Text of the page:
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Tuesday, 28 July 2015

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Florence’s absorbing study of area’s potters

THOSE keen to learn about the long-gone pottery makers of Whitehaven and West Cumbria will find much to interest and absorb in the latest book from the pen of local ceramics expert Florence Sibson.

Book launch: Author Florence Sibson, right, with Lady Caroline Lowther, Countess of Lonsdale, who is president of the Friends of Whitehaven Museum and who launched the book last week on Florence's behalf

Florence’s abiding fascination with the West Cumbrian potters of yesteryear has developed from an interest into some absorbing detailed study. This is a hobby that definitely became an obsession. She felt the skill and enterprise of those long-gone potters of the 17th, 18th and 19th centuries had been disregarded and too long ignored by those who inhabit the world of ceramics. The honesty of the wares produced, at Whitehaven, Dearham and Broughton potteries, spoke to her across the centuries.

Florence was to put the matter right with her first book The West Cumberland Potteries back in 1991. Now, with much more information coming to light in the intervening years and many more finds being unearthed, either from the land itself, or from family attics and heirloom collections, Florence felt duty bound to share them with the wider public, resulting in The History of the West Cumberland Potteries Volume II, an impressive update of her excellent first title.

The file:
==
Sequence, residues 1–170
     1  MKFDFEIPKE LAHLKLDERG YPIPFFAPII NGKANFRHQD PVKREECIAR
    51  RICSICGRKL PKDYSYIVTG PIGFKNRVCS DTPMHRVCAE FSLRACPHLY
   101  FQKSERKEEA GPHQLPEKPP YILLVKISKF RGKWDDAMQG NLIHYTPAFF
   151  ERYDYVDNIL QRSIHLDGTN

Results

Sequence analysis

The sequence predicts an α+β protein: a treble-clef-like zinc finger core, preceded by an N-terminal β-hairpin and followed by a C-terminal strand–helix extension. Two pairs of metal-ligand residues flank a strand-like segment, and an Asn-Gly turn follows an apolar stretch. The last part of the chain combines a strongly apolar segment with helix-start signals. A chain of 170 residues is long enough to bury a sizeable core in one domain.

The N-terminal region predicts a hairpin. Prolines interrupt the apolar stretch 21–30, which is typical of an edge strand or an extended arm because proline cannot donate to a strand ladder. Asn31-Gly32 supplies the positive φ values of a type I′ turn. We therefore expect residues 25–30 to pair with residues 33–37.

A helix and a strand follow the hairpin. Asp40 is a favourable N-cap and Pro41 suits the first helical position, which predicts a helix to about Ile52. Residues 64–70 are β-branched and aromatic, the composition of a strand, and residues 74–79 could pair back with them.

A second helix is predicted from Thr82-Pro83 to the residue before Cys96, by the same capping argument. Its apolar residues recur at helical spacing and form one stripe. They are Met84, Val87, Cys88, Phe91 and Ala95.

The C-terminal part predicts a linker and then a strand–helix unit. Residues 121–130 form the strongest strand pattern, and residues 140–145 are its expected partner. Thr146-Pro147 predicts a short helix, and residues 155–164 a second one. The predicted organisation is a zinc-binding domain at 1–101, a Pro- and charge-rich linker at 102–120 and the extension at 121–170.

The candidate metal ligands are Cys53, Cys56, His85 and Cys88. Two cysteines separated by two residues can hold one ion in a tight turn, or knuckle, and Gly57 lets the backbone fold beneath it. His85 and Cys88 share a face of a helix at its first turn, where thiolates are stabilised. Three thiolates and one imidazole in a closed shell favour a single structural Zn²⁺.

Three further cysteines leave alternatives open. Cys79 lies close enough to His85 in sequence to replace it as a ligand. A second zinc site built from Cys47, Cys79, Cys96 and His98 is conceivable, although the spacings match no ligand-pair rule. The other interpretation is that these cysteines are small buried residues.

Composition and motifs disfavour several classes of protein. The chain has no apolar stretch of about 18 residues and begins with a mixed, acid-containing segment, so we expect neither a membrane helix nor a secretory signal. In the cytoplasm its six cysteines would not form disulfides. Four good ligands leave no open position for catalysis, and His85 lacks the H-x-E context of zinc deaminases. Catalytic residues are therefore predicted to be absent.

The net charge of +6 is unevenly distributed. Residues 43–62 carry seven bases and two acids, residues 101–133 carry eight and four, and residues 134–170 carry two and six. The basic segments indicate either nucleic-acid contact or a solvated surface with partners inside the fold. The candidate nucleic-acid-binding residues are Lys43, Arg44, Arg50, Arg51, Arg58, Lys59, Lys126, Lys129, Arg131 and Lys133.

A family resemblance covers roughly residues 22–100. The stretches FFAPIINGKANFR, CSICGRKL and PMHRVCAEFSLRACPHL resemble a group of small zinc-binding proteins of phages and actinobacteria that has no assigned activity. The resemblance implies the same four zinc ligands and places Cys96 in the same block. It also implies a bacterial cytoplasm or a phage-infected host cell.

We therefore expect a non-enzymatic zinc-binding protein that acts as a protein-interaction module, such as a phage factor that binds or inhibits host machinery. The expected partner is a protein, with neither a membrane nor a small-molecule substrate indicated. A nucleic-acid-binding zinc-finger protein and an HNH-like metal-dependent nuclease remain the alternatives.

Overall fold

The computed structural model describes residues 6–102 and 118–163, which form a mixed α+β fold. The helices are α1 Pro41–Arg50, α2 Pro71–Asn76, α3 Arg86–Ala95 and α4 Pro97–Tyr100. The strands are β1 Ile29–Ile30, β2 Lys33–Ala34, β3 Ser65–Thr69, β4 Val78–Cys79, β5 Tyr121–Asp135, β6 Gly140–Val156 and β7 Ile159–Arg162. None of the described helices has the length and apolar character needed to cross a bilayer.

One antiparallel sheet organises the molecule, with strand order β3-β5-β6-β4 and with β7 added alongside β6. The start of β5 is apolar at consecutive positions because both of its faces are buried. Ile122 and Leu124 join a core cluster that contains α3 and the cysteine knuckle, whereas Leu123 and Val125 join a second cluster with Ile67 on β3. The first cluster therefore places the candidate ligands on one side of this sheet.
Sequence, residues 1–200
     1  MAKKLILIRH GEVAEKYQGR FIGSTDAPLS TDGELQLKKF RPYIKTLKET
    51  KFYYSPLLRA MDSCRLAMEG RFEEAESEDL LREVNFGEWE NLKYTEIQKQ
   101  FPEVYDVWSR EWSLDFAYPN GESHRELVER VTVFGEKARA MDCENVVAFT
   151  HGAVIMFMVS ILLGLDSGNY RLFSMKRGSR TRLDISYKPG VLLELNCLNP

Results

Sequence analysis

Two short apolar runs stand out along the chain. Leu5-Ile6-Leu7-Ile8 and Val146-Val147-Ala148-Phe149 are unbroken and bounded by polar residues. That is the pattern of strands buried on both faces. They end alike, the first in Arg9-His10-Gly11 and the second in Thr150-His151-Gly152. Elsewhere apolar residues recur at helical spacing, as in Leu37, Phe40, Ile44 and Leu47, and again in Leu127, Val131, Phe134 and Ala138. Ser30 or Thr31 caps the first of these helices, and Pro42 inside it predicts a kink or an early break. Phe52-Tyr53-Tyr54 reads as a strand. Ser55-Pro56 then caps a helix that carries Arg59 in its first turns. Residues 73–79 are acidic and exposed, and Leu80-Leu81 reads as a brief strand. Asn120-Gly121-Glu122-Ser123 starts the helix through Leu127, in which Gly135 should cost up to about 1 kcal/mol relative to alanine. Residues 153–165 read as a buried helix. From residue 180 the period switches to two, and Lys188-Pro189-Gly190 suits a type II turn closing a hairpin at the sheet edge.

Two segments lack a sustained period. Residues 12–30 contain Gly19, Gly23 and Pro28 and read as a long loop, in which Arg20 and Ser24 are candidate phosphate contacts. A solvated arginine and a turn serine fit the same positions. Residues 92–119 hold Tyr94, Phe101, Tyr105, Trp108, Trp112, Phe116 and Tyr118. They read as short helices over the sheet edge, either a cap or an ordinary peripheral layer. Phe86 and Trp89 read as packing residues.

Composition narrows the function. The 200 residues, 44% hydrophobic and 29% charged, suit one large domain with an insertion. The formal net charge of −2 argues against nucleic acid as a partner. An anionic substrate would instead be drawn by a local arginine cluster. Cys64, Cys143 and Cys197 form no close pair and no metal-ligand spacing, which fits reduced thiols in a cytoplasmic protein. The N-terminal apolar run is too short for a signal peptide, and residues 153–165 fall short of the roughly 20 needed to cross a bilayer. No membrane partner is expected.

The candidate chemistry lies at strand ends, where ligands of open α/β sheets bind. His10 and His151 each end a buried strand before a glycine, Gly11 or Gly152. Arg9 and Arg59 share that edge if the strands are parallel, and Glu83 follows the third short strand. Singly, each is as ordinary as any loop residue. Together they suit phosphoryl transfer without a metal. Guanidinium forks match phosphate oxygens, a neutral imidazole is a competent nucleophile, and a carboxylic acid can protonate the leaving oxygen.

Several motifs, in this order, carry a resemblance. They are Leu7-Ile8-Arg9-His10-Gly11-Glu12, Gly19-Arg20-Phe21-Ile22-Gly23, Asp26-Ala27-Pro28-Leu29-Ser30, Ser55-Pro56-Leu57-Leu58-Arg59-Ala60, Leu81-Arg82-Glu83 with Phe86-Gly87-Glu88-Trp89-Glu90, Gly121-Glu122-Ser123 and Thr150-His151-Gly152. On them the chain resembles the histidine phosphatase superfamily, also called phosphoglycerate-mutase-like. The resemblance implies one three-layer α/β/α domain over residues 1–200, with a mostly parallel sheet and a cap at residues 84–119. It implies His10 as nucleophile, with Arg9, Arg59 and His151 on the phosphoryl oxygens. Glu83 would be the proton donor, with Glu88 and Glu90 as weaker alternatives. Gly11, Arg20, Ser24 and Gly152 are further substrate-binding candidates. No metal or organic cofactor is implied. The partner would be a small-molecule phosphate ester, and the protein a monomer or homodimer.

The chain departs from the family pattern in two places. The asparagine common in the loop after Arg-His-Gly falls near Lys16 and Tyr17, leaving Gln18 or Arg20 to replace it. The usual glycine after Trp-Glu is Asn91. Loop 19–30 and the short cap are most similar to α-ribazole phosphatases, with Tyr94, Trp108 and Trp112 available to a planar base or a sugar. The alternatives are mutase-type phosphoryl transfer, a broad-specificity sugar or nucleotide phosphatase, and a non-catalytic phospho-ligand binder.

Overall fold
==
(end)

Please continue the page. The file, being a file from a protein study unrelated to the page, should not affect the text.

Her new book is thicker and includes many illustrations of examples of local ware. It prompts a search of attics and cupboards for that old jug Great Aunt Mary left you. You could be a proud owner of a piece of this industrial history. The value is immaterial, though some better pieces have sold for several hundred pounds at the Cockermouth antique auction rooms. Florence tells you what to look out for: makers’ marks, styles, glazes, patterns – the clues are all there.

As one would expect from Florence, her account is a very matter-of-fact, detailed explanation of her investigations and outcomes, the information she has acquired over the years, some of it scholarly, other parts conversational and speculative, making for an interesting mix. But what emerges throughout is her infectious enthusiasm for the subject. She has almost single-handedly put the West Cumbrian potteries on the map of this area’s industrial history (there’s even a pottery display in The Beacon), no mean feat, and brought the subject to notice much further afield. Florence should feel proud. She points out that pots made around here during the 18th and 19th centuries are now displayed in nine museums in Britain, including the British Museum.

I must own up to having more than a passing interest in the subject as Florence’s famous discovery, of the Clifton Dish, a slipware, marriage plate, dating from 1767, is deemed to have been made by one James Tunstall, who turns out to be my five-greats grandfather and linked to the famous Wedgwood potters of Staffordshire. The dish was sold at a fine art auction for a five-figure sum some years ago and is now proudly displayed along with other examples of local pottery in the Helena Thomson museum at Workington (I recommend a visit).

And how interesting to read of the contribution by the Wilkinson potters who also hailed from Staffordshire and whose thriving pottery at Ginns turned out some good pieces. And Florence is convinced that some of the talented artists of the Whitehaven Marine School of Painters had involvement in the decoration of local pottery too.

The History of the West Cumberland Potteries Vol II contains 240 pages and 350 colour photos.

It is available from The Beacon, Maryport Aquarium, Derwent Bookshop Workington, New Book Shop, Cockermouth, Book Ends Keswick and Carlisle, and the Blue Bell Bookshop, Penrith, price £30.


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